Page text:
The trail was a lot of fun though, with a little bit of everything…except downhill sections. There were fancy technical parts that would have been more fun if my bike could’ve absorbed ANY of the shock. I did a lot of hike-a-bike but the hills were steep & technical enough to make almost everyone hop off & walk their bikes at times, and pushing a bike up a hill isn’t as much of a break as it seems.
Last time I’d checked, I’d had .5 liters of water left. There is nothing I hate more than not having enough water when working out. I would rather finish my workout hungry, sick or cold, but feeling thirsty brings my moral to a dead stop. I don’t know if it’s a discomfort thing or if it’s a survival mechanism telling me to stop exercising or I’ll die. People who’ve been stranded without water say it’s the only thing you think about, and you can’t drive the thirst out of your mind. I’m like….”I KNOW! I once had to ration a half liter of water over two hours of mountain biking in 100*!!!!” I think people can train themselves to work on less water, as long as they hydrate before and after. I wonder if they get that thirst feeling and just push through it? But I’m used to guzzling water…during the summer at work I drink at least a gallon a day, even if I don’t do much. So I’ve the opposite of trained my body to work on less water. Which is just inconvenient. Because now, for the second bike ride adventure in a row, I was rationing out sips of water.
Except yesterday I was 4 miles from my house at night on a paved trail with a functioning cell-phone and a shopping-center a hundred feet away (those 4 miles were all uphill, alright?). Right now, we had no idea how much further we had to go, we were’t sure which of the few trails branching out in front of us we were supposed to take, and we were hot. Troy biked ahead to scout out the trail while the slower kids caught up to the superhero kids. He said he’d come back but hadn’t yet, so we figured we’d catch up to him.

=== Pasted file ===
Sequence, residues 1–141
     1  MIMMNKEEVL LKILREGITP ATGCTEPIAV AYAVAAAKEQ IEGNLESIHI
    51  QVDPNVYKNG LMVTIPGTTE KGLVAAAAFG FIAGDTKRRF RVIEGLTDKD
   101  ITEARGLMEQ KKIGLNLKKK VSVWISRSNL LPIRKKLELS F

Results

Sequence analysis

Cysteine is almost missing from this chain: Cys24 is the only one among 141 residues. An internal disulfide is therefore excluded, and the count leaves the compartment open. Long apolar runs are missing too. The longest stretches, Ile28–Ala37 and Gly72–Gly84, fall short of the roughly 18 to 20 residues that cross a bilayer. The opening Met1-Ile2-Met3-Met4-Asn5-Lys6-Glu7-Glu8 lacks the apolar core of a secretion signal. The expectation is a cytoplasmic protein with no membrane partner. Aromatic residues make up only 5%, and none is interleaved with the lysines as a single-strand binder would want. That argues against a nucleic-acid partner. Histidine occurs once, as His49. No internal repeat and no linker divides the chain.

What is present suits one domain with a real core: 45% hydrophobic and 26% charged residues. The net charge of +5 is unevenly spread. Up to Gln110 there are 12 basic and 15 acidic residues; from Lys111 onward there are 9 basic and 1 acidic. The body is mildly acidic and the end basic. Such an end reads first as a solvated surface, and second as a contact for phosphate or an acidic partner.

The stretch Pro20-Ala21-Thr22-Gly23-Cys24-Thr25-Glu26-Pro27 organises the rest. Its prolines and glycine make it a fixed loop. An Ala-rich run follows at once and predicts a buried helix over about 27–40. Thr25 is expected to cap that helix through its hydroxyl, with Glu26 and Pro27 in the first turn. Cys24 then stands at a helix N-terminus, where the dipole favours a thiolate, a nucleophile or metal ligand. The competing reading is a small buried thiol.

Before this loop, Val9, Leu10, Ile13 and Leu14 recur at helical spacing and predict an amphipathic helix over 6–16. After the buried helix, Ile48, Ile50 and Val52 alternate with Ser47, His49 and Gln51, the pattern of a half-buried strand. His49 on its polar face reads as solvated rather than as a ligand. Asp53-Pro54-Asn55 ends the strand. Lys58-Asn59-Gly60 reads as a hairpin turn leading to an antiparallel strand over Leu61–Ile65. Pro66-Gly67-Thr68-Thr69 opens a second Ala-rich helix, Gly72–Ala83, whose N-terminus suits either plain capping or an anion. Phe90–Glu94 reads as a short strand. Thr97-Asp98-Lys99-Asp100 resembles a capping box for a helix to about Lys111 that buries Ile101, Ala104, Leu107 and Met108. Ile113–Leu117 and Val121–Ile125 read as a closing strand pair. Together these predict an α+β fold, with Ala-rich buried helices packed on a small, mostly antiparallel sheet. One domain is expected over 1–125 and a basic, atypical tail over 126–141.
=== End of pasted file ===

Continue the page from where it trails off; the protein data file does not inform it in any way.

Thankfully, the last section back to the cars was downhill coasting, which was a nice treat. We didn’t catch up to Troy but we’d gone slow and figured he’d gone back to the cars. I managed to stretch my water til the end, and even saved a few sips for emergency-use only! So proud 🙂 Holly got a flat, but besides that it was smooth sailing back to the car and my Gatorade. And lunch! We’d been riding hard & hot for hours (yeah, you like that?) and we were pooped.
We got back to the cars, and Troy wasn’t there. We definitely hadn’t seen him on the trail, but if he’d taken another trail wouldn’t he have stopped to wait for us like he said? Everyone insisted that it was really unlike him to go ahead without waiting for the rest of the group and they were genuinely worried about him. We had no cell service, not enough energy to bike back out yet, but we did have lots of cars. We split up and drove down the dirt roads that had intersected the bike trails. After looking for about 45 minutes or so, we decided to go back. We’d exhausted all the road options that didn’t risk us getting cars stuck. If he wasn’t back yet, we’d call the rangers for help.
By the time we got back, he had managed to call someone from the group to let him know he was OK. A half hour or so later, he and his rescuer arrived. Troy had picked the wrong trail and after going back downhill it hit a major climb. Troy was like….F that, I’m lost, so he grabbed the trail we’d been on and went back the way we’d come. When this old guy (Chuck) came across him, he’d run out of water and was cramping pretty badly. Chuck gave him some water and brought him back to us, safe and sound!
(SEE?!!?! Running out of water sucks! )